Asked to summarize attendance and ticket sales for Idyllwild CinemaFest 2013, festival Chairman Phil Calderone cited stronger local sales but chilled off-Hill attendance and sales, largely due to weather. He noted the result was comparable attendance and sales figures from last year to this year.
For each year but this, the festival has had less severe weather. This year, very cold temperatures, fog and some snow seemed to have discouraged off-Hill attendance and prevented some featured film directors from attending. Calderone estimated a 40 percent decrease in nonlocal festival pass purchases, including both day and full access passes, which he attributed to weather.
The outlook for continued strong local attendance was far sunnier. Calderone said local festival pass purchases, almost all of them full-access passes, increased 55 percent from last year, also evidenced by a 50 percent decrease in local single ticket purchases.
Calderone said overall festival attendance increased this year by approximately 500 to 600. Online ticket sales through the Town Crier website nearly doubled from last year. But, he noted, the increase in numbers and sales was largely due to sell-outs for Stephen Savage’s new film “Vertical” and for two busloads of high school rugby players and their supporters from Los Angeles that came up for the premiere of their documentary, “Red, White, Black and Blue.” He pointed out those are both out-of-the-ordinary events that would not occur each year.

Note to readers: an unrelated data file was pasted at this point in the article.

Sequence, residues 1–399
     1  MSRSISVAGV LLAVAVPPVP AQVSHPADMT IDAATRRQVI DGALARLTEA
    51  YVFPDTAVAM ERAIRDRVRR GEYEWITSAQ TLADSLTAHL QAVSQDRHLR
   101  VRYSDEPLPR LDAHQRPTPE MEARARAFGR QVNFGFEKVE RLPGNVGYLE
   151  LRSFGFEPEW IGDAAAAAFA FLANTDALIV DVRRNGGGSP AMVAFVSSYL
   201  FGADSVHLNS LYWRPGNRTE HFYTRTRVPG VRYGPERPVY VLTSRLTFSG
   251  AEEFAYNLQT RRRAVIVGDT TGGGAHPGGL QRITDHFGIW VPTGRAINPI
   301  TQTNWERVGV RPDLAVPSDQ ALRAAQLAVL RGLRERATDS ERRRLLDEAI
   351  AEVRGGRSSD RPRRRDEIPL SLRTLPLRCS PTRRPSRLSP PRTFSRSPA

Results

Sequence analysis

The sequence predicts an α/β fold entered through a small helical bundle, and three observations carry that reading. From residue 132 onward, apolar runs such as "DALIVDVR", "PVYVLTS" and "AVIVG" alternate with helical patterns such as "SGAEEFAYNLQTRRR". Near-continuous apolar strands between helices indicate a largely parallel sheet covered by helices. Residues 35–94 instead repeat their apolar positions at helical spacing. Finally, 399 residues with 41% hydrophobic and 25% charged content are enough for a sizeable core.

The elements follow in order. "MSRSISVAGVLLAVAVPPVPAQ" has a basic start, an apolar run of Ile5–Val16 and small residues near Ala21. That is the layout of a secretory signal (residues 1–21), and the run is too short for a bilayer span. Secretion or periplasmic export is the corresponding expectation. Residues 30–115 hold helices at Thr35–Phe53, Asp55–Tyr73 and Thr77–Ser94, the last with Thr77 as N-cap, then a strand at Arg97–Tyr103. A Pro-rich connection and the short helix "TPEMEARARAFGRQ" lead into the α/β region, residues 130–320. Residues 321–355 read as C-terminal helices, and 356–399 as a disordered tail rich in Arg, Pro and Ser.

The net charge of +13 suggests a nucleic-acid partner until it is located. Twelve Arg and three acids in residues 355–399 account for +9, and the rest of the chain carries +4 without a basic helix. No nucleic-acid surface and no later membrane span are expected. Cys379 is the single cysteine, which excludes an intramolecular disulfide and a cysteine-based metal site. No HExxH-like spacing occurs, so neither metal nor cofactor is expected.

Calderone said if you factor out the two capacity-event shows’ attendance, dollars in 2013 were similar to 2012. “I frankly view that as a good result given that the weather hit us this year and I didn’t have the time to market as I had intended,” he said. “Next year, both the beneficial factor of better weather and more extensive marketing should be in play.”
Calderone noted that per screen attendance was also up, except for beginning and end-of-day screening slots. “I’m thinking about shortening the [festival] day and adding one more to compensate,” he said. That would lengthen the festival from five to six days. “I’d like to stay at 100 films for now. It’s a comfortable number in serving filmmakers and spreading out activity for the local businesses.”
Calderone said a planned conversion to non-profit status would allow many more companies and organizations to support the festival. “I don’t see being nonprofit affecting our film content. We have a nice indie film niche with growing connections and I expect that to continue.” Calderone said he is hoping to fund an annual Native American project, narrative or documentary. “We’ll be approaching the local casinos about that.”
International directors attended ICF 2013 from Iran and England, and U.S. directors came from as far as New York, Indiana, Wyoming and Texas.
Comments from locals who attended centered on the overall strong quality of films screened at the festival.